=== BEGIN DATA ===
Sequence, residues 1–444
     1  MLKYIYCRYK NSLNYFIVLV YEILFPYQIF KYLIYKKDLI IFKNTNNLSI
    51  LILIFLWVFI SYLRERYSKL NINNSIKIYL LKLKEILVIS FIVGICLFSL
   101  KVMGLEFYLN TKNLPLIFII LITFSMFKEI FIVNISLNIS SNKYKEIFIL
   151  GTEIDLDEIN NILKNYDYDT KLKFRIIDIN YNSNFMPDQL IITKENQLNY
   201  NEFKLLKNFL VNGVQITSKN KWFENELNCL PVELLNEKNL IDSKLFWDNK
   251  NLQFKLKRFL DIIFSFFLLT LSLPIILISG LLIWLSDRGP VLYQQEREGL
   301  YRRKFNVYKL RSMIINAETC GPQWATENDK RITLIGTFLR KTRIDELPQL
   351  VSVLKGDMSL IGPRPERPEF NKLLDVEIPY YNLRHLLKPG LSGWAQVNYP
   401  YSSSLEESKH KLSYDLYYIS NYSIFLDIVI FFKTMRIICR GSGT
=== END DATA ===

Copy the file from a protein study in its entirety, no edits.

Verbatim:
Sequence, residues 1–444
     1  MLKYIYCRYK NSLNYFIVLV YEILFPYQIF KYLIYKKDLI IFKNTNNLSI
    51  LILIFLWVFI SYLRERYSKL NINNSIKIYL LKLKEILVIS FIVGICLFSL
   101  KVMGLEFYLN TKNLPLIFII LITFSMFKEI FIVNISLNIS SNKYKEIFIL
   151  GTEIDLDEIN NILKNYDYDT KLKFRIIDIN YNSNFMPDQL IITKENQLNY
   201  NEFKLLKNFL VNGVQITSKN KWFENELNCL PVELLNEKNL IDSKLFWDNK
   251  NLQFKLKRFL DIIFSFFLLT LSLPIILISG LLIWLSDRGP VLYQQEREGL
   301  YRRKFNVYKL RSMIINAETC GPQWATENDK RITLIGTFLR KTRIDELPQL
   351  VSVLKGDMSL IGPRPERPEF NKLLDVEIPY YNLRHLLKPG LSGWAQVNYP
   401  YSSSLEESKH KLSYDLYYIS NYSIFLDIVI FFKTMRIICR GSGT